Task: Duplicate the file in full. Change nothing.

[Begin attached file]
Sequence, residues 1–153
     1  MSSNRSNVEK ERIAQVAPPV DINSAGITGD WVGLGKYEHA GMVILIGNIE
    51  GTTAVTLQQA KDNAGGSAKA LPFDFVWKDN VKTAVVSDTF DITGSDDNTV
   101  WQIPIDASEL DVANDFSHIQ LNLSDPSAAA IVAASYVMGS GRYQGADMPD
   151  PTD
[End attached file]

Sequence, residues 1–153
     1  MSSNRSNVEK ERIAQVAPPV DINSAGITGD WVGLGKYEHA GMVILIGNIE
    51  GTTAVTLQQA KDNAGGSAKA LPFDFVWKDN VKTAVVSDTF DITGSDDNTV
   101  WQIPIDASEL DVANDFSHIQ LNLSDPSAAA IVAASYVMGS GRYQGADMPD
   151  PTD